July 14, 2011 in Washington Voices

Consider thinking outside the green lawn

Pat Munts
 
PAT MUNTS photo

This collection of colorful, drought-tolerant, ground-hugging perennials at the Spokane Conservation District is infrequently watered and needs only a spring cleanup for maintenance.
(Full-size photo)

Are you tired of fertilizing, killing weeds, watering and mowing that lawn around your house? You aren’t alone. A lot of people are ditching the grass for something more sustainable and practical.

Giving up grass can be a challenge, though. It has been the standard for so long that getting away from the psychological mindset of having one can be as challenging as the physical effort to remove it. After all, what would the neighbors or the homeowners’ association say?

When considering an alternative landscape, first evaluate what you want out of your landscape. Consult with a good landscape designer and contractor who know their plants and how to build with the natural environment. Their experience and advice can make the process easier and the choices less daunting. Ask their help in answering some of the following questions.

Do you have children or pets that still need a patch of grass to play and romp? If so, keep a section that fits the scale of the activity. If you want to spend more time outdoors relaxing, what parts of the yard would be the best for that? Terraces, patios and decks may be appropriate structures to plan into the landscape in places where you now have grass. What would need to be screened to preserve privacy, enhance views or be covered to allow all-weather use?

Paths of concrete, stone or more causal gravel or bark can make the walk to those new special spaces or around the garden more interesting and exciting. A curving path that disappears around a corner or a place to stop and look around can add mystery and adventure to your walk.

Selecting the plants to go into a new garden can be a bit daunting. There are so many choices out there. Make a list of potential plants and then look up their growing habit and requirements. You don’t want to trade one high-maintenance, water hungry monster for another. Use low maintenance and water use plants for the bulk of your plantings and include native groundcovers and shrubs. If you have a favorite fussy plant, make a space for it where it’s easy to care for it.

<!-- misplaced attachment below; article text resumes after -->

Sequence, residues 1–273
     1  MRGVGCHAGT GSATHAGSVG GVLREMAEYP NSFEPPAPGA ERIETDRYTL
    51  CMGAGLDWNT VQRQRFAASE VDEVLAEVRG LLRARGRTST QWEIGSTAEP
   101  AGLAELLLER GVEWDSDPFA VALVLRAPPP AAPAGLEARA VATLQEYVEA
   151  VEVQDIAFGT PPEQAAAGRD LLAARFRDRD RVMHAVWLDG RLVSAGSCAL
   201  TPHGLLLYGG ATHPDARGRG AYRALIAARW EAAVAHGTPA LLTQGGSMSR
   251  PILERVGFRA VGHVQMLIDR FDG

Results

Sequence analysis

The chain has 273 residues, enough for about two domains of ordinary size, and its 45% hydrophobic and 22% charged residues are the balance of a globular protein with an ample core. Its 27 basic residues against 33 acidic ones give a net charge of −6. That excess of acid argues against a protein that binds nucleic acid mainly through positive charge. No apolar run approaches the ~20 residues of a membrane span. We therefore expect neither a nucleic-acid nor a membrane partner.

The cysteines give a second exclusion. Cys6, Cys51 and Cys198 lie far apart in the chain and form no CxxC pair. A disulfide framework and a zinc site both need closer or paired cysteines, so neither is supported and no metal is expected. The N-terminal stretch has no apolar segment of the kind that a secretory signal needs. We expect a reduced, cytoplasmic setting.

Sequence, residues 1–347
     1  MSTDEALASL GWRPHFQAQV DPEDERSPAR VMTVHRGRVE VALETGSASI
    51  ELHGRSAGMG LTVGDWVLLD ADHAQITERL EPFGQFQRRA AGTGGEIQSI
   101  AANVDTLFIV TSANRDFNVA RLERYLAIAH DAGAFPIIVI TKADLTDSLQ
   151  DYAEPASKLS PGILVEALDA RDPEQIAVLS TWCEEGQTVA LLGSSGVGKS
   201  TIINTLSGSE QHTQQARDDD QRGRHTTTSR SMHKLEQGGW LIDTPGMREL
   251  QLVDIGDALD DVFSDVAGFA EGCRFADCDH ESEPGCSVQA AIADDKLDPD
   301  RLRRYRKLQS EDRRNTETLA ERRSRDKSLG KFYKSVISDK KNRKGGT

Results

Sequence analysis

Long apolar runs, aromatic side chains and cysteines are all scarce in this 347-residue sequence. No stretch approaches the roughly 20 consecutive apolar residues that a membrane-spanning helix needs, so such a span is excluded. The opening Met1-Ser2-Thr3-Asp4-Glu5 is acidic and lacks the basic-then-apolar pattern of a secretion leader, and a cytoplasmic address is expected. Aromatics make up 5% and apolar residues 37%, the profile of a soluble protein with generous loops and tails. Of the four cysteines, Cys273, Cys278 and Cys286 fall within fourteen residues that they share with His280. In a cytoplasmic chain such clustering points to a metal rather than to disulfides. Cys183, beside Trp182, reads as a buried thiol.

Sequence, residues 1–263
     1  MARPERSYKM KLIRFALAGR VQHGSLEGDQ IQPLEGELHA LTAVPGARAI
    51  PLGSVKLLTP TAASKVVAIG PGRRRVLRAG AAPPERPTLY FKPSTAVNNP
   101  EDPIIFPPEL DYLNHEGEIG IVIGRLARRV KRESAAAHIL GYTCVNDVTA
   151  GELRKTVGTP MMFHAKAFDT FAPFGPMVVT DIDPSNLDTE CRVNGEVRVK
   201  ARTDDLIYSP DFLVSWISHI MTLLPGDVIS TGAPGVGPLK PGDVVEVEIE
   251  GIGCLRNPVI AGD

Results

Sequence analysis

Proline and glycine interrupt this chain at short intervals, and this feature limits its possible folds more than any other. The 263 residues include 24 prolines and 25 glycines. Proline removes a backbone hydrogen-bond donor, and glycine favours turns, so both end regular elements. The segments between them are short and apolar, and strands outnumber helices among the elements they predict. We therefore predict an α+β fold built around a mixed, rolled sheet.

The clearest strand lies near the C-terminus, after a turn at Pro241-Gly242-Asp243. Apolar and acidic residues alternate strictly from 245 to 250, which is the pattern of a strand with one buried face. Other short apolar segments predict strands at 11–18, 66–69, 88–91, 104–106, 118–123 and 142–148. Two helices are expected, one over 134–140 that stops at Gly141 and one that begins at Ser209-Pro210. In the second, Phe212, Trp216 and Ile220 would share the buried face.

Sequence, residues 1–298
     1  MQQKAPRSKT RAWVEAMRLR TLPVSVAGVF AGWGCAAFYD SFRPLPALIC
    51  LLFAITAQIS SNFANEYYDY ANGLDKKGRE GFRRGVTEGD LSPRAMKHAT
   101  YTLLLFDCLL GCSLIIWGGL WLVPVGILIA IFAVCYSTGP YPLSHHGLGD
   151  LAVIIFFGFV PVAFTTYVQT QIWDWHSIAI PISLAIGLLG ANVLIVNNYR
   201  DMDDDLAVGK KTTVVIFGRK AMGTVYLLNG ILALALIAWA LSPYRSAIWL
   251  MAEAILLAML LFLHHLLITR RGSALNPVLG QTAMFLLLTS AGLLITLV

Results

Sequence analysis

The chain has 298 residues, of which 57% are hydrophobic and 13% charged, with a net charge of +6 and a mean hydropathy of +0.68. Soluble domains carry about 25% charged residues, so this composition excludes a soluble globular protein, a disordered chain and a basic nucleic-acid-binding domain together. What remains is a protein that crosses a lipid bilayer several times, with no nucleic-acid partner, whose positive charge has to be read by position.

Many people want more out of their gardens than pretty flowers and lawn. They are converting lawn space into food gardens and adding vegetable and fruit plants as ornamentals. Many new breeds of vegetables will grow in small spaces and many food plants make very nice ornamental plants.

Meadows of grasses and wildflowers are another option. They however come with some big caveats. First by their nature, meadows often look unkempt and messy. The neighbors and the homeowners associations may not care for the pasture look. Secondly, meadows do take care. Weeds and invasive pants will have to be managed. It will need to be mowed to control fire hazards and get seeds close to the ground to sprout. Lastly, wildflowers are often difficult to establish and even if you are successful, many of them disappear naturally after a few years.


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